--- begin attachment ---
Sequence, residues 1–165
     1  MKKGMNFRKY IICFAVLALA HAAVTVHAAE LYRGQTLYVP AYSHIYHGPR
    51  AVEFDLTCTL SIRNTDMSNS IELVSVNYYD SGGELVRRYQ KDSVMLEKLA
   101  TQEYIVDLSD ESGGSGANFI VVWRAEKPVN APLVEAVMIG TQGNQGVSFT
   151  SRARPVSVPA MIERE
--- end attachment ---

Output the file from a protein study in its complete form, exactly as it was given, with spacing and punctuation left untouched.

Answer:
Sequence, residues 1–165
     1  MKKGMNFRKY IICFAVLALA HAAVTVHAAE LYRGQTLYVP AYSHIYHGPR
    51  AVEFDLTCTL SIRNTDMSNS IELVSVNYYD SGGELVRRYQ KDSVMLEKLA
   101  TQEYIVDLSD ESGGSGANFI VVWRAEKPVN APLVEAVMIG TQGNQGVSFT
   151  SRARPVSVPA MIERE